• Antidepressant agents, monoamine oxidase inhibitors (MAOIs)Antidepressant agents, monoamine oxidase inhibitors (MAOIs): Based on secondary sources, black currant may have monoamine oxidase inhibitor (MAOI) effects.
  • Anti-inflammatoriesAnti-inflammatories: In vitro studies of black currant on COX enzymes indicate the inhibition of prostaglandin E2 synthesis, but prodelphinidin did not affect COX in the whole blood assay in one study (7). In another study, black currant seed oil was reported to markedly alter prostaglandin E2 production, as well as production from cultured monocytes of the cytokines IL-1 beta and TNF-alpha (19). Black currant seed oil is a source of polyunsaturated fatty acids, which may act in the treatment of inflammatory disease. Black currant contains gamma-linolenic acid (GLA), alpha-linolenic acid (ALA), and stearidonic acid (SDA), which may account for its possible anti-inflammatory and antithrombotic actions.
  • AntioxidantsAntioxidants: Based on laboratory study, black currant anthocyanins have antioxidant effects that are affected by pH value and both moieties of the aglycon and C-3 sugar (18).
  • AntiviralsAntivirals: Blackcurant has shown anti-influenza virus effects and inhibitory effects in herpes-simplex-1 attachment on the cell membrane and plaque formation of herpes-simplex-1 and 2 at a 100-fold dilution, as well as the inhibition of varicella-zoster by 50% in vitro (6; 5).
  • HypotensivesHypotensives: In a small human study, blackcurrant seed oil (BSO), a rich source of gamma-linolenic acid, decreased the resting blood pressure (BP) and cardiovascular reactivity to a psychological stress in borderline hypertensive individuals (11).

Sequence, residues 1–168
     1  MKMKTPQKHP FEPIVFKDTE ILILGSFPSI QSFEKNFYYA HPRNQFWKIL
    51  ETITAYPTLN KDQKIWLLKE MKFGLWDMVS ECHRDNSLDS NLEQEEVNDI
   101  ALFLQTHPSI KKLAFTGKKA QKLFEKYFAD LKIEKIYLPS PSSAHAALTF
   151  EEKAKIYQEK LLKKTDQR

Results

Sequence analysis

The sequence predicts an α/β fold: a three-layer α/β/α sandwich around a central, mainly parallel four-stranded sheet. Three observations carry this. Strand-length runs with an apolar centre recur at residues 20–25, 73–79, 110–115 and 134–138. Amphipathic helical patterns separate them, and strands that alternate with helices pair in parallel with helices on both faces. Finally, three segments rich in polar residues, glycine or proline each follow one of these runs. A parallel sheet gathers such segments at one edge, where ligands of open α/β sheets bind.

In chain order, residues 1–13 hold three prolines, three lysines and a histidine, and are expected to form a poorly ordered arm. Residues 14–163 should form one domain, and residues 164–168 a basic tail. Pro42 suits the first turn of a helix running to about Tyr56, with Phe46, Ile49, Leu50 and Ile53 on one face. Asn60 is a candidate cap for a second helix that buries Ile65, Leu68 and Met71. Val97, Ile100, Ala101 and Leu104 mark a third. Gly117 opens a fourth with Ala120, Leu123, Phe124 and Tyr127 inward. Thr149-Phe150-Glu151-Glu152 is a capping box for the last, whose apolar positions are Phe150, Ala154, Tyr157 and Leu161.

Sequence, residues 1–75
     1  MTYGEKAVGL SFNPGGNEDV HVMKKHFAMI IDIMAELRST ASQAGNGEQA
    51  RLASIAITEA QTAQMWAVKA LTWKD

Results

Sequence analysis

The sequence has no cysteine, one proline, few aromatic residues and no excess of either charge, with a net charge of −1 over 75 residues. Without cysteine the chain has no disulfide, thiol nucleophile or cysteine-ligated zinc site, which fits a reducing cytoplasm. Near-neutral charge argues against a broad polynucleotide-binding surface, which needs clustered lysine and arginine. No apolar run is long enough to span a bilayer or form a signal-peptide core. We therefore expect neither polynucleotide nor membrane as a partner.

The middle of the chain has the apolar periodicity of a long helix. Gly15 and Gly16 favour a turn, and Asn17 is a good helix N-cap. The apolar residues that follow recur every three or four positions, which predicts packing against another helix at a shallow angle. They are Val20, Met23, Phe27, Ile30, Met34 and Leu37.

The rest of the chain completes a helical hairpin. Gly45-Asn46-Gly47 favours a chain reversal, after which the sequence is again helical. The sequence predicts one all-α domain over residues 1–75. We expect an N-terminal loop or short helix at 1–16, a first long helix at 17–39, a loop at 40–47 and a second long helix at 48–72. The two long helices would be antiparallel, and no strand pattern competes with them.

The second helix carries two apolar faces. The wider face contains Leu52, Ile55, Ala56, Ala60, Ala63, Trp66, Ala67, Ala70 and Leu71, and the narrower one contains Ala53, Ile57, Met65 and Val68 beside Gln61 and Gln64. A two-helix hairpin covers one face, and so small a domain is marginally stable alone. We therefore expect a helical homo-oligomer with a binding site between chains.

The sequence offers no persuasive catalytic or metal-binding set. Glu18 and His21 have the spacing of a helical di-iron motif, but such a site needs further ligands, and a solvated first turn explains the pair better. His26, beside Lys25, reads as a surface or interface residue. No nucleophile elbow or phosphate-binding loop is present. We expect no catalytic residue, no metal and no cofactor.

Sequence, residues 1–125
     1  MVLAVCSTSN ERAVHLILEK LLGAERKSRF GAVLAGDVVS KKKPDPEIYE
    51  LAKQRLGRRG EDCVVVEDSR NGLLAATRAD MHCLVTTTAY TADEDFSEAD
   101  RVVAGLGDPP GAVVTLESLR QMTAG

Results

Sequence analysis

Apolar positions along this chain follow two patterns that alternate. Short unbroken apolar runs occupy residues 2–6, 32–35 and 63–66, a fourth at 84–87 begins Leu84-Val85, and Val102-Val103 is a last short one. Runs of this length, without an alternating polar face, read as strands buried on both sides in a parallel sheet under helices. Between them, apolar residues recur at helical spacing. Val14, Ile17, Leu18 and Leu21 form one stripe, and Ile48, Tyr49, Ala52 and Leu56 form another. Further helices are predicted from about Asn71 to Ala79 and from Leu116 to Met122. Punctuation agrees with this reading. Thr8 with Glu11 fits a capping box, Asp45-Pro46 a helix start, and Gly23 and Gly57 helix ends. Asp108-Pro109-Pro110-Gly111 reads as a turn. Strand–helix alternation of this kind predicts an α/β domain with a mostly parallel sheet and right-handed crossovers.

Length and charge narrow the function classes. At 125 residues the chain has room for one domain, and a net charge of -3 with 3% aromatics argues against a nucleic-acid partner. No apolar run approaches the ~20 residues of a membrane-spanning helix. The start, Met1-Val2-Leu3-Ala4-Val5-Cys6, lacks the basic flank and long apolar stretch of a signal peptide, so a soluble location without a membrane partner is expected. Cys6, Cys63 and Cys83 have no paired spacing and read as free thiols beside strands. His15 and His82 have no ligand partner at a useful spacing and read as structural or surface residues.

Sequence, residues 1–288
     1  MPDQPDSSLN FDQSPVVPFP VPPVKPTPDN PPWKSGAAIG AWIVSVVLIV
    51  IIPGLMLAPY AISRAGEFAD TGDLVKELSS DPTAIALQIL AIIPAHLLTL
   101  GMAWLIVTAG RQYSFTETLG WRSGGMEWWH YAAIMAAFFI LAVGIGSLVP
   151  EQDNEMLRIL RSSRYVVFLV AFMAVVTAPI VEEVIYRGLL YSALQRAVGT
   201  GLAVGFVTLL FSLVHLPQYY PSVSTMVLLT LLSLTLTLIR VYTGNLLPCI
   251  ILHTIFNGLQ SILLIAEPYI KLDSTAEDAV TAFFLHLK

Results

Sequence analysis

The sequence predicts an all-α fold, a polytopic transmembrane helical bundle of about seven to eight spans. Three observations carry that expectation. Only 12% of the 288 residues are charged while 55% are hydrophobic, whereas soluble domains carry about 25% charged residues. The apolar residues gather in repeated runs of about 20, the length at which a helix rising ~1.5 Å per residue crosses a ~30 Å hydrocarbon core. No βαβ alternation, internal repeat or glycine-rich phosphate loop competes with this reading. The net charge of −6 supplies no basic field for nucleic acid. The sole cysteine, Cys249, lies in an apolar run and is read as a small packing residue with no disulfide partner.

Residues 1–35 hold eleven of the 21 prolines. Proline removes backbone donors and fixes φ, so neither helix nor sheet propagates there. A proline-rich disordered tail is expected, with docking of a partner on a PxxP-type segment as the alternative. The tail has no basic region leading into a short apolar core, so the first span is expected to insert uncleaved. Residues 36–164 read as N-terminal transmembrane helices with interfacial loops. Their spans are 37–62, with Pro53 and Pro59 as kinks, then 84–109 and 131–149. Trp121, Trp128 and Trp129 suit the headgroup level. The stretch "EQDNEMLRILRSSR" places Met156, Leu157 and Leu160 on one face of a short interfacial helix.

• ImmunomodulatorsImmunomodulators: Black currant seed oil has a moderate immune-enhancing effect in the elderly, most probably attributed to its ability to reduce prostaglandin E2 production (10).
  • Rutin containing herbsRutin containing herbs: Black currant fruit and juice contain rutin and other flavonoids. The flavonoids found in black currant belong to one of two classes: the anthocyanin class or the proanthocyanidin class (20).
  • Vitamin CVitamin C: Black currant fruit has a high vitamin C content.

Black currant/Food Interactions:
  • Insufficient available evidence.

Black currant/Lab Interactions:
  • Coagulation panelCoagulation panel: Based on anecdotal information, black currant may have coagulation properties (1).

Copyright © 2011 Natural Standard (www.naturalstandard.com)


The information in this monograph is intended for informational purposes only, and is meant to help users better understand health concerns. Information is based on review of scientific research data, historical practice patterns, and clinical experience. This information should not be interpreted as specific medical advice. Users should consult with a qualified healthcare provider for specific questions regarding therapies, diagnosis and/or health conditions, prior to making therapeutic decisions.